These things absorb oil. I would not be exaggerating if I said you could dump a truck load in the gulf and clean up the whole thing. So don't over do it. Also, the guy who said he cooked them with garlic, probably never tasted them. It's edible with olive oil and garlic, but widespread appeal is questionable.

Better with butter. I tried several times with and without garlic and other stuff. The thing that tasted the best was a little bit of butter, a little salt, mix them up in the pan to distribute the butter, then put a lid on it for a minute or until everything is wilted and not too snotty.

The good part, the part I was testing out - no spiny things. Everything was nice and soft.

They completely lose the arugula flavor and taste more like cooked kale. Probably won't be in my diet so much, but others in the house liked them. Hopefully they weren't just saying that because of my overbearing personality and the impression that I have that everyone is trying to please me.

But how did they perform in the ham sandwich?

The Radish Hammy


The spikiness was not so noticeable in a sandwich situation, but it did come through every now and then. It was not painful and I wouldn't make me not eat the sandwich. The arugula flavor was noticeable, and overall it was a good addition to the sandwich. I would try that again. Okay, let's try some cooking again.

Here's the stir fry stuff.

  • Broccoli
  • Kale
  • Onion (from the store)
  • Radishes and Radish Tops
  • Oregano
  • Golden Sweet Peas

Ok, come back after dinner and I can tell you how they did in a salad and a stir fry.


Looking good.

Makes a pretty plate - good enough to post on FB, But...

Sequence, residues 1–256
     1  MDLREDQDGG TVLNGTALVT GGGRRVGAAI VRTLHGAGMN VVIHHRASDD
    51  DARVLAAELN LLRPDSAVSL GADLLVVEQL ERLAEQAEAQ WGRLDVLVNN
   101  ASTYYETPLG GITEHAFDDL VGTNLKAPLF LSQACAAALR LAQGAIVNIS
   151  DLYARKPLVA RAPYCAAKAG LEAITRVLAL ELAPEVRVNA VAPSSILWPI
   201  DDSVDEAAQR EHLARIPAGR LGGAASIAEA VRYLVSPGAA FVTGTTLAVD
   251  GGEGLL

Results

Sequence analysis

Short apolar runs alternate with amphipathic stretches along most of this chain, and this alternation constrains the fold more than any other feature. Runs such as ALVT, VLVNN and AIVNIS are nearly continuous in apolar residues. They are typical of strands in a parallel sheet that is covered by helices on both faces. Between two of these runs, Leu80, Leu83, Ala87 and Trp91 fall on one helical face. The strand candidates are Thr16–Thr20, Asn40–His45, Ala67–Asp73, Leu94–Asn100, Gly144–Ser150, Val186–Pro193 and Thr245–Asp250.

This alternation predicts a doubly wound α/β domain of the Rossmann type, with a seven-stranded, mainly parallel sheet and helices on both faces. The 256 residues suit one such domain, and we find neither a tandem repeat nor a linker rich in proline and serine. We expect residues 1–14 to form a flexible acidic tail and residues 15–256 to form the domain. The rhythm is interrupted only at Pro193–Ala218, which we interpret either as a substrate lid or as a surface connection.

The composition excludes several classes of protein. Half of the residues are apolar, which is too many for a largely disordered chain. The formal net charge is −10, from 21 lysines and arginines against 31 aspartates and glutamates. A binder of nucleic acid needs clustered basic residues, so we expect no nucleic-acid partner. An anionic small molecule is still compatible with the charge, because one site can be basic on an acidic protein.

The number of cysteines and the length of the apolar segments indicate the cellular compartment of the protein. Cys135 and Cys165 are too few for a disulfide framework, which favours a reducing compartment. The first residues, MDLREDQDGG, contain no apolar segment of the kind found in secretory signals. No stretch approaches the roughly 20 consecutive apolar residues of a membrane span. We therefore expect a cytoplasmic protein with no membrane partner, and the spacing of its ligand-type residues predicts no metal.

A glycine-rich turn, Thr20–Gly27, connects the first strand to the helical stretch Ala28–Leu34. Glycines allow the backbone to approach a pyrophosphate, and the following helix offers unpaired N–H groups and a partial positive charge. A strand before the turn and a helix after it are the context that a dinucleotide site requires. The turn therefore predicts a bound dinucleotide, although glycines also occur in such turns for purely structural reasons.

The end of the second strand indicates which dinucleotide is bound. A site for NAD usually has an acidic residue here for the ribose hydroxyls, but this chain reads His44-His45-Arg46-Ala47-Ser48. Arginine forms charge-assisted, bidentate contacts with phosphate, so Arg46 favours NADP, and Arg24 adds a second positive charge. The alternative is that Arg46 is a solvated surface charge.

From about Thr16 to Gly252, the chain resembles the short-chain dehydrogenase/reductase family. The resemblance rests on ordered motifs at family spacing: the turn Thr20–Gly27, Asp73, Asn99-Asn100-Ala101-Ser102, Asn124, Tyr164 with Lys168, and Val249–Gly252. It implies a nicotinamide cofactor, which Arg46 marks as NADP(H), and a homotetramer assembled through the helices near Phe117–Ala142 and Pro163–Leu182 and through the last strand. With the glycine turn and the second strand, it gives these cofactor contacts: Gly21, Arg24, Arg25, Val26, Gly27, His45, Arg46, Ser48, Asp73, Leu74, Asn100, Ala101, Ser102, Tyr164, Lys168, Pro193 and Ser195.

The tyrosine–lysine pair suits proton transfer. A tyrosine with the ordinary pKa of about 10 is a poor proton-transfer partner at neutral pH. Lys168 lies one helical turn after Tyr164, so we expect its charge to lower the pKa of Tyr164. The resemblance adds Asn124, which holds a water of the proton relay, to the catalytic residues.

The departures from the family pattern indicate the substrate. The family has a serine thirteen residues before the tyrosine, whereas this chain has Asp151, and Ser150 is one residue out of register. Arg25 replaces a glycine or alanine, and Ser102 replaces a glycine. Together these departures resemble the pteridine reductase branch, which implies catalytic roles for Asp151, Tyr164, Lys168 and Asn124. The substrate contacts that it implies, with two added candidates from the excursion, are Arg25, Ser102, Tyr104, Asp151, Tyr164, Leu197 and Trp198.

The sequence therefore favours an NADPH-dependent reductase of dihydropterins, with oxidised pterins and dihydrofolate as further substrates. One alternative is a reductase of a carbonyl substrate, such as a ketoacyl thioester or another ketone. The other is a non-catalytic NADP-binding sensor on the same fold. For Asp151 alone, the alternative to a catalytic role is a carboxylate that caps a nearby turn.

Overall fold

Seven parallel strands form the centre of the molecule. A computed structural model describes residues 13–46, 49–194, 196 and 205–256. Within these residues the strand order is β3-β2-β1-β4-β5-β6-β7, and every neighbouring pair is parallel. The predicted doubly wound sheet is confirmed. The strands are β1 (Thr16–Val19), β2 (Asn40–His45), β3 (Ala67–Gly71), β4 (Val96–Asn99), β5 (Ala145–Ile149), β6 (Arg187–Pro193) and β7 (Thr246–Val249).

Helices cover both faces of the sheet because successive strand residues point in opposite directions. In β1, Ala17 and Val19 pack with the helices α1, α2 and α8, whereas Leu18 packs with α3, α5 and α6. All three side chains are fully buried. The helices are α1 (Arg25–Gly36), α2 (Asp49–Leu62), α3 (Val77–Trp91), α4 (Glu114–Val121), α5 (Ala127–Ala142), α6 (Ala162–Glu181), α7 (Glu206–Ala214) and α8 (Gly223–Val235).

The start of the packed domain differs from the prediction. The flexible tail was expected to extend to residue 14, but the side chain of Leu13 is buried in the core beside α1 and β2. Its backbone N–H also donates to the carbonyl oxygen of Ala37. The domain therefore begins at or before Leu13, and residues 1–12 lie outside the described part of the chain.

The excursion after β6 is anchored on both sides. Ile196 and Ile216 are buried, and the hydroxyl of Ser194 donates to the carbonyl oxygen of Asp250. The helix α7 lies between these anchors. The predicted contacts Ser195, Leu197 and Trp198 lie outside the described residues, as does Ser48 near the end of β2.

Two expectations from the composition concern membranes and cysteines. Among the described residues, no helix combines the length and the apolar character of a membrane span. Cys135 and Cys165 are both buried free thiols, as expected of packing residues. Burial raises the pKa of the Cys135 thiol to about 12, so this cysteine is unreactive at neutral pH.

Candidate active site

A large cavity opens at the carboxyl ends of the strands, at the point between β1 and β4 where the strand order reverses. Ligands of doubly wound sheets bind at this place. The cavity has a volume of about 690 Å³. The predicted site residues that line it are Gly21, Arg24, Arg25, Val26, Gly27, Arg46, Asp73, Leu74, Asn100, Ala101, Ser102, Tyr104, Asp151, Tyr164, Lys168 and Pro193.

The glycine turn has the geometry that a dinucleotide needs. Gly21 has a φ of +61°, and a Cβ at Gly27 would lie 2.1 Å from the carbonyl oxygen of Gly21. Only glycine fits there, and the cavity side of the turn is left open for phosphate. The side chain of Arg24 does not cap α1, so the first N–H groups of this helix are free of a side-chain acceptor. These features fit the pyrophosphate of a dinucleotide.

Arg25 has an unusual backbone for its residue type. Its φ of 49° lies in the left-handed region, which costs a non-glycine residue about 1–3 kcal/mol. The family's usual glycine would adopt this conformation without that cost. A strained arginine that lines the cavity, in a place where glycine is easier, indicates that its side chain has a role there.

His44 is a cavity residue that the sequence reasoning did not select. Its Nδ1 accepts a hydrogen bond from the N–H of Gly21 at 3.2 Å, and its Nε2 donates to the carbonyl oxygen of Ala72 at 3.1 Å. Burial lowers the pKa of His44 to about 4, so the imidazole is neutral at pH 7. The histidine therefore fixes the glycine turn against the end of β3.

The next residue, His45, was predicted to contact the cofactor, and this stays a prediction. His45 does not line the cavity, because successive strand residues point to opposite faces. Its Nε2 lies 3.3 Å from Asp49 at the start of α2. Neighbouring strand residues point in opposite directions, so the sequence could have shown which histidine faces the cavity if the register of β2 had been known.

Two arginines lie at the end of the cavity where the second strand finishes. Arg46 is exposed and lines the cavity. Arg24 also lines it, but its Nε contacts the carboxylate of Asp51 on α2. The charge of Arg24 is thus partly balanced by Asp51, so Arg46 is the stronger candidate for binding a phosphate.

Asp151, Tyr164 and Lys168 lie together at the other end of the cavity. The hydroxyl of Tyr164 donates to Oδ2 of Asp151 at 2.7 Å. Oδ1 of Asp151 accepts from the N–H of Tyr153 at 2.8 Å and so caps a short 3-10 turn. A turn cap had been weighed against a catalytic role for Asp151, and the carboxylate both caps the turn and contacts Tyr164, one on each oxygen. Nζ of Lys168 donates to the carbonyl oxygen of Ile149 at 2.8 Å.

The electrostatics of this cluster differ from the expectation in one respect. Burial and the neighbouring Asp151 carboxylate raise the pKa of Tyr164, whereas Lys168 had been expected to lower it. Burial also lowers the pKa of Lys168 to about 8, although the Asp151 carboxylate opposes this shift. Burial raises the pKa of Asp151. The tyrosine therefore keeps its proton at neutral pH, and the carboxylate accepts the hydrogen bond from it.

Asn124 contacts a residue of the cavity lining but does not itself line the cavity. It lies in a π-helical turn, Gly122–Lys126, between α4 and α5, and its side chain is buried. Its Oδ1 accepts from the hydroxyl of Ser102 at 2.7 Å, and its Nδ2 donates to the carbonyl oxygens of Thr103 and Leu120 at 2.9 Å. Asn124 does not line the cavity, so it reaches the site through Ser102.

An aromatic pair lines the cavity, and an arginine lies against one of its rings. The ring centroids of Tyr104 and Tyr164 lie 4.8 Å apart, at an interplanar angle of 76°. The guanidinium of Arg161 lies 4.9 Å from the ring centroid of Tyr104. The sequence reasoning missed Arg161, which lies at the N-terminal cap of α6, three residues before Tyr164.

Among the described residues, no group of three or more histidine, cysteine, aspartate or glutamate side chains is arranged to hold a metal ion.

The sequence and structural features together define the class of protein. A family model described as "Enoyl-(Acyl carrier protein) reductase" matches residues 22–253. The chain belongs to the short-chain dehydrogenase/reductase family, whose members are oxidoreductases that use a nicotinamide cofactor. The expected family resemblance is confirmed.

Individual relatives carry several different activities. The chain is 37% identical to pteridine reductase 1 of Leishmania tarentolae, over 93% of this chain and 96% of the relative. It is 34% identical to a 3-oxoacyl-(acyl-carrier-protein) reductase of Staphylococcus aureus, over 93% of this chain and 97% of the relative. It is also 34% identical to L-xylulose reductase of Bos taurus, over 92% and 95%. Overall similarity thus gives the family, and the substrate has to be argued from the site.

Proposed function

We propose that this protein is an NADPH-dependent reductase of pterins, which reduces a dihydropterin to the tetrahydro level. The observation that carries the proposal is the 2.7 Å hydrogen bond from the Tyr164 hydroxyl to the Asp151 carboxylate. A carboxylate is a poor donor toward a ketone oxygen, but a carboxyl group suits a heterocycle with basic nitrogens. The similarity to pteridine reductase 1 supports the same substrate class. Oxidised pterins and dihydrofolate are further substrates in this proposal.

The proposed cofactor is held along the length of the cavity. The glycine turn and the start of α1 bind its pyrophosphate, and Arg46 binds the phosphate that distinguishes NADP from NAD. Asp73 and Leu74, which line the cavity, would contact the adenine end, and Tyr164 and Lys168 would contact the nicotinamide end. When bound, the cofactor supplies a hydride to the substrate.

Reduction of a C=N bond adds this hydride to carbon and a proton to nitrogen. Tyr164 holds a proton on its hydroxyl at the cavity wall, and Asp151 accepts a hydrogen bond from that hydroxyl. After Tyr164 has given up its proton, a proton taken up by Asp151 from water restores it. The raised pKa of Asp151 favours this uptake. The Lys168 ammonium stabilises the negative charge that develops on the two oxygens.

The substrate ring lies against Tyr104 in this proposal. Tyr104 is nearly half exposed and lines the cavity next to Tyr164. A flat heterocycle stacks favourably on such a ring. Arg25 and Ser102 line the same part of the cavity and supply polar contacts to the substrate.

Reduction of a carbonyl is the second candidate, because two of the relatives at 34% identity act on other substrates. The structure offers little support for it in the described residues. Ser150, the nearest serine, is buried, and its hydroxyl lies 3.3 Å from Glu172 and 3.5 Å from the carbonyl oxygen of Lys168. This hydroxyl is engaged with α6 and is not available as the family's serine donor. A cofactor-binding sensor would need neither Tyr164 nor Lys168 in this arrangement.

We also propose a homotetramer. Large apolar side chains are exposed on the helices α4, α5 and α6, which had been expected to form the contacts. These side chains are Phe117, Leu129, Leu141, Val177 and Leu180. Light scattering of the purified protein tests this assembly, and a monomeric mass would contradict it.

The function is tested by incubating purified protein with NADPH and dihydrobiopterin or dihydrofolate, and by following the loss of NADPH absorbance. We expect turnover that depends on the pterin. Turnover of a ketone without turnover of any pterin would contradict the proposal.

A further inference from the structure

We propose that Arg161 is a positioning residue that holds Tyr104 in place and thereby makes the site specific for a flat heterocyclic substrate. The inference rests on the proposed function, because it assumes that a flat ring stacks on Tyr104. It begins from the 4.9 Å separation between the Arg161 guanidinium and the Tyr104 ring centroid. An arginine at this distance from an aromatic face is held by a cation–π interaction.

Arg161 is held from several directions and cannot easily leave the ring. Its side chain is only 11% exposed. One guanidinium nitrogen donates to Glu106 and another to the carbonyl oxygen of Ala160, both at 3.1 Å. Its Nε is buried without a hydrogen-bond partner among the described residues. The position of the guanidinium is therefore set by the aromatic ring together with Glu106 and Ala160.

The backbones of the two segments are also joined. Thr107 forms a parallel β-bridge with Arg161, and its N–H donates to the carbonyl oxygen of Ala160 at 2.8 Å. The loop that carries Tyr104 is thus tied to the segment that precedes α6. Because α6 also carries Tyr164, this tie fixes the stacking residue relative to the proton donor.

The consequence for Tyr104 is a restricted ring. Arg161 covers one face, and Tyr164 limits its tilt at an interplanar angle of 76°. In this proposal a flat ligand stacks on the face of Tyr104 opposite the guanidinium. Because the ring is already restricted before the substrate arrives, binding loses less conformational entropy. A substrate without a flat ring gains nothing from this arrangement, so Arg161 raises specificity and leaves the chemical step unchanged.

The full report.

  • Salad - the radish leaves were pretty bitter. The spikiness wasn't painful but it was odd. Probably won't be trying that again.
  • Stir Fry - Excellent. I didn't put anything on it but a little soy sauce while it was cooking. Less than a teaspoon of soy sauce. The actual radishes had good texture and a were not hot or bitter at all. The radish leaves blended nicely and you barely noticed them. The sweet peas and onions offset the bitterness of the leaves. Overall this was very good.
  • Strips of leaves over rice (not shown). The leaves softened and didn't notice the spikes. The flavor wasn't too bad the rice (Jasmine) has a sweet nutty flavor that helped smooth out the taste of the leaves. Acceptable, but hey, don't build your restaurant menu around it.

Flank Steak: Want it really moist and tender? Marinate it in lots of garlic, soy sauce and coffee. Yes coffee. I've been doing it that way for a while and the coffee really makes a difference. Try it. Don't over cook it. Let it rest. It will be great.

Conclusion: Not everything is wonderful because you grew it. But it could be.

People are always raving over how great fresh from the garden vegetables are. Well, they can be. But good flavor is not a given.

For instance, the actual radishes were very fibrous. I actually had trouble cutting one of them and threw it away. If I didn't cook them they would not have been very enjoyable. It's great that the greens are edible, since the radish crop looks like it won't be that good. If I get really hungry though it's nice to know there's food value there.

The lettuce was bitter. Not as good as what I could buy. I think my lettuce has had too much sun and the heat has influenced it. It's ready to bolt, although it hasn't yet.

The broccoli, on the other hand, was excellent and had more flavor than store bought. I even chopped up the stems and put them in the stir fry and they were excellent.

So I would say it's great that you can eat the greens, because sometimes the radishes themselves are a disappointment. But to get good flavor you have to grow them right, pick them at the right time and prepare them properly. Don't believe everything you read on the internet, and just because someone says you can do something, it doesn't mean you should do it.

I'd love to get your input on radish greens. Maybe some recipes tested by actual people. Please comment if you have anything to add.